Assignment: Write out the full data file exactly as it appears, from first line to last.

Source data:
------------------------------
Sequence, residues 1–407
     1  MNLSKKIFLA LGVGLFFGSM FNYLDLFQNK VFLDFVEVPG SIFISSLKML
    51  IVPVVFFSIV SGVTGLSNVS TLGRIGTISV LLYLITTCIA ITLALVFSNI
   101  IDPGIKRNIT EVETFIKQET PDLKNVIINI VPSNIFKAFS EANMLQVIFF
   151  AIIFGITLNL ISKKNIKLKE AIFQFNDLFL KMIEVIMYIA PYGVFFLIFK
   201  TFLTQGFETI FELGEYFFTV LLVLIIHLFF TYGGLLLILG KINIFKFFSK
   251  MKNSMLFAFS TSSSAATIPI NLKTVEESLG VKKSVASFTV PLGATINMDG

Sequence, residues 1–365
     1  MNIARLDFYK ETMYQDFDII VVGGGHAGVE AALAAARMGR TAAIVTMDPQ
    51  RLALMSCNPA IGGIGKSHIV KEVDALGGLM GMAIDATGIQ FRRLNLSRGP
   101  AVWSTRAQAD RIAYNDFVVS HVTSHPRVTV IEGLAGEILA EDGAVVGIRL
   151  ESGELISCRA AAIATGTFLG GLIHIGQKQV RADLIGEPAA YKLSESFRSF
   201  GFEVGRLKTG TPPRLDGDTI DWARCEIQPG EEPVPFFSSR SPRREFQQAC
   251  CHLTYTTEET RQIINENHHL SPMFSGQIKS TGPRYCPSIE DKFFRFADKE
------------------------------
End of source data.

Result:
Sequence, residues 1–407
     1  MNLSKKIFLA LGVGLFFGSM FNYLDLFQNK VFLDFVEVPG SIFISSLKML
    51  IVPVVFFSIV SGVTGLSNVS TLGRIGTISV LLYLITTCIA ITLALVFSNI
   101  IDPGIKRNIT EVETFIKQET PDLKNVIINI VPSNIFKAFS EANMLQVIFF
   151  AIIFGITLNL ISKKNIKLKE AIFQFNDLFL KMIEVIMYIA PYGVFFLIFK
   201  TFLTQGFETI FELGEYFFTV LLVLIIHLFF TYGGLLLILG KINIFKFFSK
   251  MKNSMLFAFS TSSSAATIPI NLKTVEESLG VKKSVASFTV PLGATINMDG

Sequence, residues 1–365
     1  MNIARLDFYK ETMYQDFDII VVGGGHAGVE AALAAARMGR TAAIVTMDPQ
    51  RLALMSCNPA IGGIGKSHIV KEVDALGGLM GMAIDATGIQ FRRLNLSRGP
   101  AVWSTRAQAD RIAYNDFVVS HVTSHPRVTV IEGLAGEILA EDGAVVGIRL
   151  ESGELISCRA AAIATGTFLG GLIHIGQKQV RADLIGEPAA YKLSESFRSF
   201  GFEVGRLKTG TPPRLDGDTI DWARCEIQPG EEPVPFFSSR SPRREFQQAC
   251  CHLTYTTEET RQIINENHHL SPMFSGQIKS TGPRYCPSIE DKFFRFADKE